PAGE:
WICHITA, Kan. (AP) — So many thoughts were running through Rob Gray’s head as he dribbled near midcourt, time winding down in a tied NCAA Tournament game, that Houston’s star guard nearly ran out of time.
“I was thinking to myself, I’m a senior, I’ve never been in March Madness. This is what I live for,” Gray said later. “A small thought ran through my head: I thought about Cincinnati, how I had a chance to win that game for us and I didn’t, and I just wanted to come through for us.”
Finally deciding it was time to go, Gray drove for a wind-milling layup that trickled over the rim with 1.1 seconds left. And when San Diego State’s Trey Kell missed a tough 3-pointer at the buzzer, the No. 6 seed Cougars had a heart-stopping 67-65 first-round win Thursday night.
Gray had come through where he failed in the American Athletic Conference title game.
“There’s a lot of ways you have to win games, a lot of times you just have to do it from the seat of your pants,” said Cougars coach Kelvin Sampson, in the tournament with his fourth different team. “The difference in the game tonight is that we had Rob Gray and they didn’t.”
Devin Watson had just tied the game for the Aztecs with a turnaround 3-pointer, his second in a matter of seconds, when Gray dribbled up floor with 29 ticks left. He allowed the clock to melt down to six seconds before crossing over, scooting beneath two defenders and scooping up his shot.
The layup gave him 39 points and the Cougars (27-7) their first NCAA Tournament win since 1984, when coach Guy Lewis took Hakeem Olajuwon and several members of Phi Slamma Jamma to their third consecutive Final Four.
“It means a lot to our program, especially sitting next to Coach Sampson. He’s a big part of why I’m here. Rob’s a big part, too,” the Cougars’ Devin Davis said. “We survived to play another day.”
Jalen McDaniels had 18 points to lead No. 11 seed San Diego State (22-11). Kell finished with 12 points and eight rebounds, though it’s the three points he missed at the end that will stand out.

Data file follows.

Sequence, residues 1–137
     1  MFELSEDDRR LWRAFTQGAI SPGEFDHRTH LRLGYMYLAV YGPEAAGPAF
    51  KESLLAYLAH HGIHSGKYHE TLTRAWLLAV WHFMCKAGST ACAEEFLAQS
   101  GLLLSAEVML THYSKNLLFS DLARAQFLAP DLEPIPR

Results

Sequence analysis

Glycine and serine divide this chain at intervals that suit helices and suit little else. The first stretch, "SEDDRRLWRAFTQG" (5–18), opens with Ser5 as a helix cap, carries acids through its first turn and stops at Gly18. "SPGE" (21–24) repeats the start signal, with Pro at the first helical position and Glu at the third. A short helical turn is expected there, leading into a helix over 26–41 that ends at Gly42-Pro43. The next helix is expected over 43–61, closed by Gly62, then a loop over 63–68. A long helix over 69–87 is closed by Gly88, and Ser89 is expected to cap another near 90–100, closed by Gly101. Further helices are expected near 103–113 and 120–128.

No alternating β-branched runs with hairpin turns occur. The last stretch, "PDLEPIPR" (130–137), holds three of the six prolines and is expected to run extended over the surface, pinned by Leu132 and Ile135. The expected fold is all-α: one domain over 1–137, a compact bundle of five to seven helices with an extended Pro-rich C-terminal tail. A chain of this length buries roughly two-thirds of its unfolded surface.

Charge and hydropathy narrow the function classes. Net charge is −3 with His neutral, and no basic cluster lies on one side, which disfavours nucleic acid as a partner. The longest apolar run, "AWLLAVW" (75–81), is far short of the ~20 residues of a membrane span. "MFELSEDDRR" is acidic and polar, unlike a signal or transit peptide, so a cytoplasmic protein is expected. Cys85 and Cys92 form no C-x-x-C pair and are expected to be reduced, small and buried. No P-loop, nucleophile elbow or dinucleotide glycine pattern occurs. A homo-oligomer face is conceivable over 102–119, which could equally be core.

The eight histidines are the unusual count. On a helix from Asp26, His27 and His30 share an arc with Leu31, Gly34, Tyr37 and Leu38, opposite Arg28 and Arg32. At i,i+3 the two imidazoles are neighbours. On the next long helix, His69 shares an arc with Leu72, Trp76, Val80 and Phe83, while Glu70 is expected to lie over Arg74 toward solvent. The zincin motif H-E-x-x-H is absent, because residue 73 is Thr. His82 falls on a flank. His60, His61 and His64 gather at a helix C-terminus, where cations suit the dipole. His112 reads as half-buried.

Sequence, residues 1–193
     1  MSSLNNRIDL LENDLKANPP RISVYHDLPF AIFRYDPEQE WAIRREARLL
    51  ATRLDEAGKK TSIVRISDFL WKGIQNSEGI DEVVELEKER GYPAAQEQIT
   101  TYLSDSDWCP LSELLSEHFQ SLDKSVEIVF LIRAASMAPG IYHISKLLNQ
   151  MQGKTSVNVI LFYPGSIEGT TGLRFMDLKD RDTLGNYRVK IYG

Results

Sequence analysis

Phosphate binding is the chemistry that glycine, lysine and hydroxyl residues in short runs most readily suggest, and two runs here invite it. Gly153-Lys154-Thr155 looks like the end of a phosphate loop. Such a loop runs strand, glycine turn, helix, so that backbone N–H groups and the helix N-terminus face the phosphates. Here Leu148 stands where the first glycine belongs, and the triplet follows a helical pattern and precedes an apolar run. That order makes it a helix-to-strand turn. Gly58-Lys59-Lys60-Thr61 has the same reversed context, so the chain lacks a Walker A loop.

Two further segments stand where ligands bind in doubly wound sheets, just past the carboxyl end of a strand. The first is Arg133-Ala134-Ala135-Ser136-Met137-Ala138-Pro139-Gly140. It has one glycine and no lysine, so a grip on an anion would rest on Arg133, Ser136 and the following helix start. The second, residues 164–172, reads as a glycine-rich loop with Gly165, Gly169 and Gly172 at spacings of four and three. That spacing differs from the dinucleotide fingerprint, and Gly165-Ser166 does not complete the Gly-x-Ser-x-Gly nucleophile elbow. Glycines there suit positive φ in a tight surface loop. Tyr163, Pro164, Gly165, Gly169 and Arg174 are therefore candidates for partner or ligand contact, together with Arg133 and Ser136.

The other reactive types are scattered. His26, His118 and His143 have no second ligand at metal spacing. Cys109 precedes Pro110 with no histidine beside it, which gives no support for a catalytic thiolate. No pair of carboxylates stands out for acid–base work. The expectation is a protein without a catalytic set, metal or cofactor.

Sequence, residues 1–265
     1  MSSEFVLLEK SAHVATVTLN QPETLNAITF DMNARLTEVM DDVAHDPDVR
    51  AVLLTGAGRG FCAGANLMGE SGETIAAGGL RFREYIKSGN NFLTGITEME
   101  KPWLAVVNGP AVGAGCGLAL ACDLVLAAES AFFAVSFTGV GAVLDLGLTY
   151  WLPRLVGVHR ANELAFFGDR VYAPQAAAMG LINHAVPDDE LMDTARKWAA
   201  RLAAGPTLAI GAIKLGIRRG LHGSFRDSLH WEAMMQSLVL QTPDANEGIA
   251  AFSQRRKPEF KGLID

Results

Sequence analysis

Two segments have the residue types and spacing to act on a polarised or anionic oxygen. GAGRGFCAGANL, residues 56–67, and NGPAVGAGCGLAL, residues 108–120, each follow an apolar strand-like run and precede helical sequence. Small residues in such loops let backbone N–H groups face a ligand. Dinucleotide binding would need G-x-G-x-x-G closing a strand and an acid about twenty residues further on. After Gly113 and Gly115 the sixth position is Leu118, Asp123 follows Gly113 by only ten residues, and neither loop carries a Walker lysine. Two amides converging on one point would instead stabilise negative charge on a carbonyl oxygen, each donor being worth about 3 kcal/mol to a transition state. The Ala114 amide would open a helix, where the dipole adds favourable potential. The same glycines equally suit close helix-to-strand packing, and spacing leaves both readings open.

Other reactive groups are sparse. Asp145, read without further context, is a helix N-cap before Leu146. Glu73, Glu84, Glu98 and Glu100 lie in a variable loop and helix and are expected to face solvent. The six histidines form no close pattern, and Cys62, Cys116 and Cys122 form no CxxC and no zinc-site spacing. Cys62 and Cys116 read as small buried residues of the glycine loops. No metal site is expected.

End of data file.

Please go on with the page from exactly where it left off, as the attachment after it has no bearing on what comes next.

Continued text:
Houston will play third-seeded Michigan in the West Region on Saturday.
“It’s always bitterly disappointing when the season ends, especially when you feel like you have good basketball left,” Aztecs coach Brian Dutcher said. “It’s March. We had a March-type shot to win the game and it didn’t go home. We’re disappointed over that.”
The Cougars struggled much of the first half to deal with the Aztecs’ length, especially McDaniels and Malik Pope, the 6-foot-11 forwards who effectively clogged up the paint.
Houston finally started to open things up when it began drawing fouls late in the half.
Gray did most of the damage, hitting an array of floaters and lay-ins before a 3 from about 30 feet gave the Cougars a 39-29 halftime lead. Gray finished the half with 16 points, even though he went to the bench for a short stretch with two fouls.
For long periods in the second half, the best offense for either team came at the foul line.
McDaniels went to the stripe four times in five trips for San Diego State, and Gray answered with three straight trips for Houston. That was part of a stretch in which the Cougars mustered a single field goal over more than 10 minutes, allowing the Aztecs to slowly whittle away at their deficit.
Watson finally tied the game with a deep 3-pointer with just over a minute left, only to watch Gray answer with a 3 of his own to give Houston a 65-62 lead with 39.4 seconds remaining.
Watson got the ball in his hands again, this time spinning around on the wing for a can-you-top-this 3-pointer that electrified a vocal section of fans opposite the San Diego State bench.
Turned out that Gray would top it one more time.
“Two really good teams. Neither wanted to lose,” Sampson said. “Rob had it going. He had it going. So we were going to ride that horse until they stopped it.”
San Diego State had won nine straight games, including its run to the Mountain West Conference Tournament championship, before running into the Cougars. The nail-biting loss dropped the Aztecs to 1-5 in games decided by four points or fewer this season.
Houston made the most of its first NCAA Tournament trip since 2010, becoming the sixth team in school history to reach 27 wins. Now, the Cougars can aim for their 28th.
(© Copyright 2018 The Associated Press. All Rights Reserved. This material may not be published, broadcast, rewritten or redistributed.)